By H. J. Bensted, W. Bulloch, L. Dudgeon, A. G. Gardner, E. D. W. Greig, D. Harvey, W. F. Harvey, T. J. Mackie, R. A. O'Brien, H. M. Perry, H. Scutze, P. Bruce White, W. J. Wilson. London, 1929. His Majesty's Stationery Office. Pp. 1–482
by A. Trevor Willis, M.D., B.S. (Melb.), Ph.D. (Leeds), M.C.Path., M.C.P.A., Reader in Microbiology, Monash University, formerly Lecturer in Bacteriology, University of Leeds. xiv + 234 pages, illustrated, second edition. Butterworth Inc., Washington. 1965. $8.50
Tropical Medicine Unit and Preclinical Research Departments, F. Hoffmann-La Roche & Co., Ltd., University Children's Hospital, Queensland Institute of Medical Research, Walter and Eliza Hall Institute of Medical Research, Biotech Australia Pty. Ltd., Commonwealth Serum Laboratories Ltd., Institute for Medical Informatics and Biostatistics, Basel, Switzerland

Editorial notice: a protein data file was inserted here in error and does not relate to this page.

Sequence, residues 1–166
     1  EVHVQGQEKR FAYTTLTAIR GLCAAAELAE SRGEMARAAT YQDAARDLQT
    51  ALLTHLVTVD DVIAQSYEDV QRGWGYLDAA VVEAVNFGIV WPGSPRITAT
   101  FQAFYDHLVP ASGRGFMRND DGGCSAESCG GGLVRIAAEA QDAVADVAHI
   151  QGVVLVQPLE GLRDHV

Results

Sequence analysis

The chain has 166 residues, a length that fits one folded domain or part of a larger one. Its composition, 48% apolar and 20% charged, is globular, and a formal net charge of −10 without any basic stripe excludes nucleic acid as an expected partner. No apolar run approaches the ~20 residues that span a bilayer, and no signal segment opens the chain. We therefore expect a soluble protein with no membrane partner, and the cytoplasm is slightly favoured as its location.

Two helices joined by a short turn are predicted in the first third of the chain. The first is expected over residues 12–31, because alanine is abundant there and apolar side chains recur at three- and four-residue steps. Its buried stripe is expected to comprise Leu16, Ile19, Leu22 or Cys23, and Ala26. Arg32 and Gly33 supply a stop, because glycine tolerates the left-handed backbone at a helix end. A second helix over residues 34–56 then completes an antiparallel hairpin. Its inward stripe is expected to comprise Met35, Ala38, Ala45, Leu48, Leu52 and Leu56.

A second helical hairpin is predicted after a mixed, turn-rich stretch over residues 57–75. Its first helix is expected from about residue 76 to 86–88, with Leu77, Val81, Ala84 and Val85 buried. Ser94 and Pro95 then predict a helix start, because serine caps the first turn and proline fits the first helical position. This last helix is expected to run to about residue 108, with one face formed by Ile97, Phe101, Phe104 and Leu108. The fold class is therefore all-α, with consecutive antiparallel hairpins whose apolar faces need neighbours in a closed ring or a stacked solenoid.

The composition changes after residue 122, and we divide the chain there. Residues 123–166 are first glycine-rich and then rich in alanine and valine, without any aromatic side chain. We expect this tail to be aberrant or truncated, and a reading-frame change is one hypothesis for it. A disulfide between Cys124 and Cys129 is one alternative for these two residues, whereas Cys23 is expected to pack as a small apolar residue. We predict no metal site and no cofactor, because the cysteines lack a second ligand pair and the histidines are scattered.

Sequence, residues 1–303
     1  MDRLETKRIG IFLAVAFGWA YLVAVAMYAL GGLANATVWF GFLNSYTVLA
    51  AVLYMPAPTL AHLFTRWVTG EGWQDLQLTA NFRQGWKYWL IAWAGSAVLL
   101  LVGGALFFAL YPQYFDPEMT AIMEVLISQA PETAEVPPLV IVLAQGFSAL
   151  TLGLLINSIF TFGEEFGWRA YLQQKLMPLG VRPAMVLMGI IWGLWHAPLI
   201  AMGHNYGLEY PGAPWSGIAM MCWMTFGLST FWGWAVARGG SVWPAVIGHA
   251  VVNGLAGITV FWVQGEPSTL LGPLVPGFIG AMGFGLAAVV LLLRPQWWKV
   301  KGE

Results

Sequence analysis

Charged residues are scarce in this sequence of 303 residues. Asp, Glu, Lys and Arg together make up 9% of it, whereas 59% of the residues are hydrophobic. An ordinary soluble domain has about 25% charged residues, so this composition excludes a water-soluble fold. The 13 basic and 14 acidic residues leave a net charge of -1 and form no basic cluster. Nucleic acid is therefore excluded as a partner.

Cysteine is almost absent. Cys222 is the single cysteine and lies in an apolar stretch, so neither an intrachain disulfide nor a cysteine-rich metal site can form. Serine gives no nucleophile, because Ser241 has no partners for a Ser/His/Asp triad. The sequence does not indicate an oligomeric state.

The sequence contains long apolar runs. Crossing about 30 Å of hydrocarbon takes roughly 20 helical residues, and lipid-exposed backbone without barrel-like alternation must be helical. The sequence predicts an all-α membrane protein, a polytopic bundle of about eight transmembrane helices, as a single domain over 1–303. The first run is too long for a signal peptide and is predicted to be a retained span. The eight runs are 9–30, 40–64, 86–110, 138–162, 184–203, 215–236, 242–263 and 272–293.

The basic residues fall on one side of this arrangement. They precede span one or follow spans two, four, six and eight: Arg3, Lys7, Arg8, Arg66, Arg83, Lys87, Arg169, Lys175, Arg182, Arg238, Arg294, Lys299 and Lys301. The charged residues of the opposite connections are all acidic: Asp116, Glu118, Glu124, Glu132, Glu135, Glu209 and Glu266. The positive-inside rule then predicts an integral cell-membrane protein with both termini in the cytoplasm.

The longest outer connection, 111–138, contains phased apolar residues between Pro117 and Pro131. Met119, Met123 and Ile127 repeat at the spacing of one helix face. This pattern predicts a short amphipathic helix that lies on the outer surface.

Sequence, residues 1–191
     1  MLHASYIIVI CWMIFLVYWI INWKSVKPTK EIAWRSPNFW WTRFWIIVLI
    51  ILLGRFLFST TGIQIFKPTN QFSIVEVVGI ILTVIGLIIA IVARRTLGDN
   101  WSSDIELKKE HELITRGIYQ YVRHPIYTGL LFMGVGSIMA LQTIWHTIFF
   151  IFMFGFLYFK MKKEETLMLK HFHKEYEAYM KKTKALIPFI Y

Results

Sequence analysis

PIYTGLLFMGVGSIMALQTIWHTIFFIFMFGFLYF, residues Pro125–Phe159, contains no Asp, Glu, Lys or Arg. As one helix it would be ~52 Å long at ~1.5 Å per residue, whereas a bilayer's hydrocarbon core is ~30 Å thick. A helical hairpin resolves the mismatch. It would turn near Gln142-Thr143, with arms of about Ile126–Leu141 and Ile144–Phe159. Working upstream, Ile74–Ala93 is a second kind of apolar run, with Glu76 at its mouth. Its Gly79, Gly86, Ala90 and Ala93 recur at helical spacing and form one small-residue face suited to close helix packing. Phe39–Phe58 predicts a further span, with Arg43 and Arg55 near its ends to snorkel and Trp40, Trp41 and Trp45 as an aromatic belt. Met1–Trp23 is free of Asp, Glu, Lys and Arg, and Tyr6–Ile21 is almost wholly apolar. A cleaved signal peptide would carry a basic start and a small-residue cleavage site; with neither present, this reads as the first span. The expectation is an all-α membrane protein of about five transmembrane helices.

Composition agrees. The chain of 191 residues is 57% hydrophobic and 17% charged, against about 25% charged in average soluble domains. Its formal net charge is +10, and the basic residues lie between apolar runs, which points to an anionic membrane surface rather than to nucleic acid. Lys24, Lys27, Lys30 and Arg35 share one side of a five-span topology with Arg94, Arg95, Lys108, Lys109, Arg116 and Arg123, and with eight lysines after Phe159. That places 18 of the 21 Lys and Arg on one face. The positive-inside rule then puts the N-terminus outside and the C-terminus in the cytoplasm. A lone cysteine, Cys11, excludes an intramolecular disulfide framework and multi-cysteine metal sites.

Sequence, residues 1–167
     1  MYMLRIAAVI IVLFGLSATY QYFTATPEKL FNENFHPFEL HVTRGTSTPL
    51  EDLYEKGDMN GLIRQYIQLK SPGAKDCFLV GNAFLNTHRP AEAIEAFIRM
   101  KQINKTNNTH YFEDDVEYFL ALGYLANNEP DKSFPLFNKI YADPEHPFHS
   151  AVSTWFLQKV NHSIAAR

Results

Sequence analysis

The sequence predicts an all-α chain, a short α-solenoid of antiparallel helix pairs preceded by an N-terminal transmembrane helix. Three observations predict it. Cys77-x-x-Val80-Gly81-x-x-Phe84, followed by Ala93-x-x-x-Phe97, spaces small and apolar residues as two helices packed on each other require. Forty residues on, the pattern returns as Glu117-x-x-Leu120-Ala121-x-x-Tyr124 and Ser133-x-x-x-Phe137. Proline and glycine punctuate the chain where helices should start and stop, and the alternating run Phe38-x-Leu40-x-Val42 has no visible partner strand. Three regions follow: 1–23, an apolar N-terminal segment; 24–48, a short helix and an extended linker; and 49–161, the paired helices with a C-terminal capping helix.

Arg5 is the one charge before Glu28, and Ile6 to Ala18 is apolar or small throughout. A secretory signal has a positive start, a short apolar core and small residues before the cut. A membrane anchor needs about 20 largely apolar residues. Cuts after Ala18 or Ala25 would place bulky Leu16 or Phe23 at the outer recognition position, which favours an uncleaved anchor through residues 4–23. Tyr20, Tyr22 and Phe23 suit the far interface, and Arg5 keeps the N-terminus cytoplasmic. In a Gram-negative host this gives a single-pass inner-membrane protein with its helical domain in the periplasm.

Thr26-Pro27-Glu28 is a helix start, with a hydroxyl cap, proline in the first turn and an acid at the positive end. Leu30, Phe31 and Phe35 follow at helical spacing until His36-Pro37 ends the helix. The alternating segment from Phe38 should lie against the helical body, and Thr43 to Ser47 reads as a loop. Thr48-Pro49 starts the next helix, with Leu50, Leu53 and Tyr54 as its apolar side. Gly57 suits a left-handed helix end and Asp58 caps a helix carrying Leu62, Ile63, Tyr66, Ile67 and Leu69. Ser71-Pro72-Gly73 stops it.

This study was part of a larger program to develop a vaccine effective against Plasmodium falciparum infection caused by sporozoites and clinical malaria caused by asexual blood stages. In a phase 1 study of safety and immunogenicity, two recombinant proteins (Ro 46–2717, a circumsporozoite [CS] protein) construct with a molecular mass of 35 kD, and Ro 46-2924, a merozoite surface antigen [MSA-2] construct with a molecular mass of 25 kD) adsorbed onto alum were injected in two low (20 µg) or two high (100 µg) doses in the right and left deltoid muscles of 33 healthy Swiss volunteers; six other volunteers received a placebo (alum alone). Twenty-six participants reported 51 immunization-related adverse events, mainly pain at the injection site. Mean antibody titers to CS protein and MSA-2 in an indirect immunofluorescence assay peaked four weeks after the second immunization without evidence of boosting (i.e., sharp increase in titer). By that time, 56% and 31% of the vaccinees seroconverted to CS protein and MSA-2, respectively, with the increase in MSA-2 titer being weaker than that for the CS protein. After a third immunization, five vaccinees volunteered to be challenged by three or four infective bites of Anopheles stephensi. Prepatent and incubation periods in all five were comparable with unvaccinated historic controls challenged under similar conditions, and all had symptoms of clinical falciparum malaria. We conclude that the vaccine components were safe and immunogenic but there was no evidence that this immunization regimen with the CS protein plus MSA-2 component was able to prevent infection. Because the protocol required treatment in ≤ 24 hr after detection of parasitemia, the contribution of MSA-2 as an anti-disease vaccine candidate will be further evaluated in a field trial.